[ih-raz-mee-uh n]
  1. a follower of Erasmus.

Origin of Erasmian

First recorded in 1750–60; Erasm(us) + -ian
Related formsE·ras·mi·an·ism, noun Unabridged Based on the Random House Unabridged Dictionary, © Random House, Inc. 2018

Examples from the Web for erasmian

Historical Examples of erasmian

  • He had much of the Erasmian spirit but nothing in common with the Reformation.

  • It was a most ticklish commission, and Erasmus' solution of it was more than Erasmian.

  • It was the one point in which the Erasmian creed was at fault.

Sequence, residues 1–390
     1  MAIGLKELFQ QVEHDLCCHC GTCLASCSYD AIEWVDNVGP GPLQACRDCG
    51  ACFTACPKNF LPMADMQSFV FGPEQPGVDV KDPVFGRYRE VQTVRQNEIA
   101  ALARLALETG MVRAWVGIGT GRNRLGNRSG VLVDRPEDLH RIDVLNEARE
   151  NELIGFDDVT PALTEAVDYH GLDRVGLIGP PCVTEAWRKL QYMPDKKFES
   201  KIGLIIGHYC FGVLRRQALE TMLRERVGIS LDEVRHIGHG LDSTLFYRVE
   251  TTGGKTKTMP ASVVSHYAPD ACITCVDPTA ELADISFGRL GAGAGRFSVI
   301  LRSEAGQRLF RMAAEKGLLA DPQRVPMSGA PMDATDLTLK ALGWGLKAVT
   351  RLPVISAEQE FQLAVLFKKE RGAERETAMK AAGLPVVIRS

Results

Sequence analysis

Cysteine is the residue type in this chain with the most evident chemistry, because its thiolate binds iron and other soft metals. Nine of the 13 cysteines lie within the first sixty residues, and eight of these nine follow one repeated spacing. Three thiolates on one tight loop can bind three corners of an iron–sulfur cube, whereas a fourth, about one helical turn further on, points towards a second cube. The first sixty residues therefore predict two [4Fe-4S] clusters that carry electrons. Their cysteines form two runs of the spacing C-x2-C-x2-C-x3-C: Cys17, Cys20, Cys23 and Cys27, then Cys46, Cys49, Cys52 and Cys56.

The Oxford Reformers

    Frederic Seebohm

  • In the first two of these the text is said to have been formed from the Complutensian and Erasmian.

  • There are a number of proofs that the Erasmian pronunciation is radically wrong, and that the modern Greek is the correct one.

    Troy and its Remains

    Henry (Heinrich) Schliemann